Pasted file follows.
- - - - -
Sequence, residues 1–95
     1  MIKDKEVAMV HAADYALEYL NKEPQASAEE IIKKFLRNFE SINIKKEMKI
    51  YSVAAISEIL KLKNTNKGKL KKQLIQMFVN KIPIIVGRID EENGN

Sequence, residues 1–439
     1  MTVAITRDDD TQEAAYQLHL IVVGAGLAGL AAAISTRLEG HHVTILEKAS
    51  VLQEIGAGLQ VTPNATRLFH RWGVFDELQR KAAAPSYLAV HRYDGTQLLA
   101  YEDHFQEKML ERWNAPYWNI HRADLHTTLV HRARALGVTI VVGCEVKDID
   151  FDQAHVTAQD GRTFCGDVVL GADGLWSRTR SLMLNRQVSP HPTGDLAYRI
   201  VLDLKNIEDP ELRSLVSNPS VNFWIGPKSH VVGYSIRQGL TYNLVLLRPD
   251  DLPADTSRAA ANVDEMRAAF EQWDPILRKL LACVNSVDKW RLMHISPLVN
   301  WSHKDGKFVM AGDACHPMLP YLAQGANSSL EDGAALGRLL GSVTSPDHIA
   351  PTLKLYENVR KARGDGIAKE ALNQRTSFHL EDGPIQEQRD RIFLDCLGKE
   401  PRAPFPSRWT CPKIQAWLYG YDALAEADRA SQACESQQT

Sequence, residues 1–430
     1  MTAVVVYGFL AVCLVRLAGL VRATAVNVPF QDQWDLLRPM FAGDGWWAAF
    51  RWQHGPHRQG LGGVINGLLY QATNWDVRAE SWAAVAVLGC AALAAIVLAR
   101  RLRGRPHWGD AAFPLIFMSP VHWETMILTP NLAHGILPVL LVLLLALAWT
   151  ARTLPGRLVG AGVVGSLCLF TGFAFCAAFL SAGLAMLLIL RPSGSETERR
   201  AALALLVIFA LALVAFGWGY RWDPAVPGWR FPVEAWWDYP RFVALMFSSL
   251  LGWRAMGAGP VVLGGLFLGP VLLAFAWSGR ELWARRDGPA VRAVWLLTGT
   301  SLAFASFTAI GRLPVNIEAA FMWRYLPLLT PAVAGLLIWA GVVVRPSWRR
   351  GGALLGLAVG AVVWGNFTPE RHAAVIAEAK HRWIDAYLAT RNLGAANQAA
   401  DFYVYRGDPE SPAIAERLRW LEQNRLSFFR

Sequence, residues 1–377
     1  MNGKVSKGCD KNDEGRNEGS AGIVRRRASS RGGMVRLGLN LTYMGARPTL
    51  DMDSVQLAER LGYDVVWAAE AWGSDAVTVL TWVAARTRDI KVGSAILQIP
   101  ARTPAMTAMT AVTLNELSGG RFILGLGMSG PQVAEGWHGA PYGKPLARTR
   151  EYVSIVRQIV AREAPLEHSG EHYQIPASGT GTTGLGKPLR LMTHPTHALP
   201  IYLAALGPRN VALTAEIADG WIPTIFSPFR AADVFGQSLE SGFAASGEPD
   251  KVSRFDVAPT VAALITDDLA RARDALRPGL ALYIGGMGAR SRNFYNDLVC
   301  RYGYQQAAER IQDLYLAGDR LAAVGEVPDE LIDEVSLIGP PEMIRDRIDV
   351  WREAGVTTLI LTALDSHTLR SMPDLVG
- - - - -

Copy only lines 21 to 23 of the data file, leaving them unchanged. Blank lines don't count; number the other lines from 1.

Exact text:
   301  SLAFASFTAI GRLPVNIEAA FMWRYLPLLT PAVAGLLIWA GVVVRPSWRR
   351  GGALLGLAVG AVVWGNFTPE RHAAVIAEAK HRWIDAYLAT RNLGAANQAA
   401  DFYVYRGDPE SPAIAERLRW LEQNRLSFFR